A notable component of this study is that BRCA1/2 status was not assessed on the patients. Domagala et al. have claimed that 18% of BRCA1-associated cancers have low or no nuclear expression of PARP1 [32] and low PARP1 expression in 21% of triple-negative BRCA1-associated breast cancers [33]. When looking at cytoplasmic and nuclear PARP, another group has observed its presence in all intrinsic types of breast cancer, albeit with different frequencies [34]. There was a significant correlation between cytoplasmic and nuclear PARP in that study. Clearly, the expression pattern and full mechanism of PARP1 needs to be investigated to better understand if it will be an effective target for TNBC.

At this year’s meeting of the American Society of Clinical Oncology, O’Shaughnessy and colleagues presented their results of the phase III iniparib trial. This trial enrolled 519 women and again looked at gemcitabine and carboplatin versus the same regimen with added iniparib. The results did find an increase in progression-free survival amongst the iniparib/gemcitabine/carboplatin arm (5.1 versus 4.1, ), but this did not achieve the prespecified criteria for significance ( ) [35]. A possible explanation behind the change in results from phase II to phase III is that the heterogenous nature of TNBC will continue to make finding a single agent problematic in treating all comers. By not stratifying the patients based on BRCA status or TNBC subtype, it leaves questions as to which patients will truly benefit from this drug and which have a genetic makeup that is not conducive to iniparib. Iniparib is continuing to be studied in other phase III clinical trials, including its effects on nonsmall cell lung cancer and ovarian cancer. Iniparib evidently is not being discontinued completely from breast cancer research; rather, the drug maker has continued with phase II trials analyzing different doses, schedules, and chemotherapy combinations.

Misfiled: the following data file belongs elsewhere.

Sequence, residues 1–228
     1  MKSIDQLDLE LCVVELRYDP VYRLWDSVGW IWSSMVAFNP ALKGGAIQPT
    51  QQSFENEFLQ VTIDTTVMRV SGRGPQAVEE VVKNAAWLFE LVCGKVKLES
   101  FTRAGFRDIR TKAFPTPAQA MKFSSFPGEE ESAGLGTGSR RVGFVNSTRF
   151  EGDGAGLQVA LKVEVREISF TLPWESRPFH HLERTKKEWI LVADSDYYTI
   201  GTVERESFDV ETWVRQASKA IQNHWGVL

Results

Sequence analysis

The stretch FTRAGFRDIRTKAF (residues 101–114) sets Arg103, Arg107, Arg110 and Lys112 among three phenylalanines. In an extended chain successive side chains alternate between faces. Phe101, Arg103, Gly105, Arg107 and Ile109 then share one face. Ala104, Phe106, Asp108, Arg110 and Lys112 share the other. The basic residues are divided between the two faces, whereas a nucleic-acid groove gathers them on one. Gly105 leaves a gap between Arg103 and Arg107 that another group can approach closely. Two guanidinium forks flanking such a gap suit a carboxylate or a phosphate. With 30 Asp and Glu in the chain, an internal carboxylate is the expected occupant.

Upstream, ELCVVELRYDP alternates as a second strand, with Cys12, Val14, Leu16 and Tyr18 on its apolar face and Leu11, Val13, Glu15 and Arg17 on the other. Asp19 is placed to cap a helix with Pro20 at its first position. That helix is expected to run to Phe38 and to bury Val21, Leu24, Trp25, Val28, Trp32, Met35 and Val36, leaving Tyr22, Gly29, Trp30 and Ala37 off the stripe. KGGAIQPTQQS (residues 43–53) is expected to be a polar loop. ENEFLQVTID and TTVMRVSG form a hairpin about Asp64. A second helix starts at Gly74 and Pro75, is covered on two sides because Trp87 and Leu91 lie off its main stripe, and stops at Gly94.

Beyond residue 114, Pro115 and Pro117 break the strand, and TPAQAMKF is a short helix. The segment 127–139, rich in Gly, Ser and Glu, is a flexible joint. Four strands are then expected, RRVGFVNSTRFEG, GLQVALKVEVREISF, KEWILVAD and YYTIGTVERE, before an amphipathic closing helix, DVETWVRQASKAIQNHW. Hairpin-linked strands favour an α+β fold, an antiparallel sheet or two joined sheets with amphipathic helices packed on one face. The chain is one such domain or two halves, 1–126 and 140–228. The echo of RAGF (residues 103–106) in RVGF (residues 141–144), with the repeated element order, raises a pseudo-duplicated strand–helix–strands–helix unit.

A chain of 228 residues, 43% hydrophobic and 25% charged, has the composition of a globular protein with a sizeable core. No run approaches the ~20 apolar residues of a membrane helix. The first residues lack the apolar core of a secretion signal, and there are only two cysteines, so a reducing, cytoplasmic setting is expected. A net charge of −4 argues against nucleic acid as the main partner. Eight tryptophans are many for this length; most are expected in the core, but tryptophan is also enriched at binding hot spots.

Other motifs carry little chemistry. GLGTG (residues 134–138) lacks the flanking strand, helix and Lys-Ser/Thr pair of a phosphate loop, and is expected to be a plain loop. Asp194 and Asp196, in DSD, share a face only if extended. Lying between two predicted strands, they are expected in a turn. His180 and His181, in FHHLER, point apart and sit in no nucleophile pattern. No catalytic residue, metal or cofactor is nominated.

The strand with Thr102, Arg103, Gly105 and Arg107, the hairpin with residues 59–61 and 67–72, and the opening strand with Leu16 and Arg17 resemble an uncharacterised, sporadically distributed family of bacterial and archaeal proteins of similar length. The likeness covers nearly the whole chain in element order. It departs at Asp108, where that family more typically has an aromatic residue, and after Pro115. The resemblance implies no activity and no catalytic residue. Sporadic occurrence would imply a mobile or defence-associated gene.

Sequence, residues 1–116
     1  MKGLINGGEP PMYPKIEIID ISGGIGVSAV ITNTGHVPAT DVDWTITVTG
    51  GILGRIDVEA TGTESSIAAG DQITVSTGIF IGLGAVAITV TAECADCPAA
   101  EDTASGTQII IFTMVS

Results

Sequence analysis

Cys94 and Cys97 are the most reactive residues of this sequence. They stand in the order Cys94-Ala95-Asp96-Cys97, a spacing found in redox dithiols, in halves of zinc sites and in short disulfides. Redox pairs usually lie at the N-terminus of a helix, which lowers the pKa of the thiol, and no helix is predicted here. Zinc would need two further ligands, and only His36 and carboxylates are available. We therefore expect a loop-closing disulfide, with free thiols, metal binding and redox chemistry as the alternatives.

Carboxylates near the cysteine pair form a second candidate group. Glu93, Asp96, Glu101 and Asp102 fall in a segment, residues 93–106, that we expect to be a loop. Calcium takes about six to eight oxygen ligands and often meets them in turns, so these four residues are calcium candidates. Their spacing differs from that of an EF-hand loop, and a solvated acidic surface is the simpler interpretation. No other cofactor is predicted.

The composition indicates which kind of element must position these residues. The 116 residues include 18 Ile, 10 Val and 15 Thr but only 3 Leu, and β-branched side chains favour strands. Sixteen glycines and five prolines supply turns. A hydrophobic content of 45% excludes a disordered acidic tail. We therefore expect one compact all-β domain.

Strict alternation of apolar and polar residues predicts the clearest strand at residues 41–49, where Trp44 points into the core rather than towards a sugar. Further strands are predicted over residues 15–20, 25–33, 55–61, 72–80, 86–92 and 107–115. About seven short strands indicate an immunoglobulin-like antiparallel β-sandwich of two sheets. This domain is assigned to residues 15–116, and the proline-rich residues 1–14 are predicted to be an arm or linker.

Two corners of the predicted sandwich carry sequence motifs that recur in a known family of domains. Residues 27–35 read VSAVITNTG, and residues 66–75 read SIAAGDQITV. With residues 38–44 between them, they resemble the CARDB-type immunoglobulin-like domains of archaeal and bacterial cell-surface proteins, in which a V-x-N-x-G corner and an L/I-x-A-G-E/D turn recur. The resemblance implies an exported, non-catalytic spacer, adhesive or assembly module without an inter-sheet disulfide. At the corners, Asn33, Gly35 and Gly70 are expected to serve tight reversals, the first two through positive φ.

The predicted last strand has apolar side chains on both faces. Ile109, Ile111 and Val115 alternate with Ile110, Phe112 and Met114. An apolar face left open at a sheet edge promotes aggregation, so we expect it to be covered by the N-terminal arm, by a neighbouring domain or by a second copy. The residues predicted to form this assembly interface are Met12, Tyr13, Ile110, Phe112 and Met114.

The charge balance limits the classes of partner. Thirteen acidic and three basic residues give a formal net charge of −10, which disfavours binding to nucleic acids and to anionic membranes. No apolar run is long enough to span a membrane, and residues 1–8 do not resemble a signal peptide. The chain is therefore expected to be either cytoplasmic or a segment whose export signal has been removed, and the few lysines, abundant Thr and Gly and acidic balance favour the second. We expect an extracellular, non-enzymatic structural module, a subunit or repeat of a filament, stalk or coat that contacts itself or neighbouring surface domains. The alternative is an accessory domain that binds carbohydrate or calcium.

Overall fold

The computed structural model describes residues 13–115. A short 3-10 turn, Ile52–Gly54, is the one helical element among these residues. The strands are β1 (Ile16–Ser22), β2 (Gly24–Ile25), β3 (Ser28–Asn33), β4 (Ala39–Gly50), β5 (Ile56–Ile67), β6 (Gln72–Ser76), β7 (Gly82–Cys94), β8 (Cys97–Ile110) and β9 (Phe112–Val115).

Olaparib (AZD2281, AstraZeneca) is another PARP1 inhibitor that is being tested on various cancers, including breast. Preclinical models showed an increased selective potency for this compound [36]. The subsequent phase I trial revealed 400 mg twice daily to be the maximum dose. With a BRCA1- or BRCA2-defective cohort of 22 patients, antitumor efficacy was observed once the dosages reached 100 mg twice daily [37]. Results of a phase II trial detailed how olaparib is effective in breast cancer patients with a BRCA1 or BRCA2 mutation and advanced disease [38]. While admittedly not a flawless design, such as lacking randomization, the results showed promise. All patients in the study had locally advanced breast cancer (LABC) or metastatic breast cancer. For the TNBC and BRCA1/2 carrier patients in this cohort, twice daily 400 mg dosages of olaparib were more effective than twice daily 100 mg dosages when analyzing objective response (54% versus 25%) and progressive disease (15% versus 31%). These data were observed, but it must be noted that this trial was not designed or powered for this comparison. When looking at all of the women in the trial, 41% of the BRCA1- or BRCA2-mutated breast cancer patients had an objective response when assigned 400 mg twice-daily olaparib.

Despite these encouraging results, London-based drug maker AstraZeneca has decided to suspend olaparib prior to a phase III trial. AstraZeneca has shifted its olaparib focus to ovarian cancer and currently has a phase II trial to study its effects on that cancer type [39].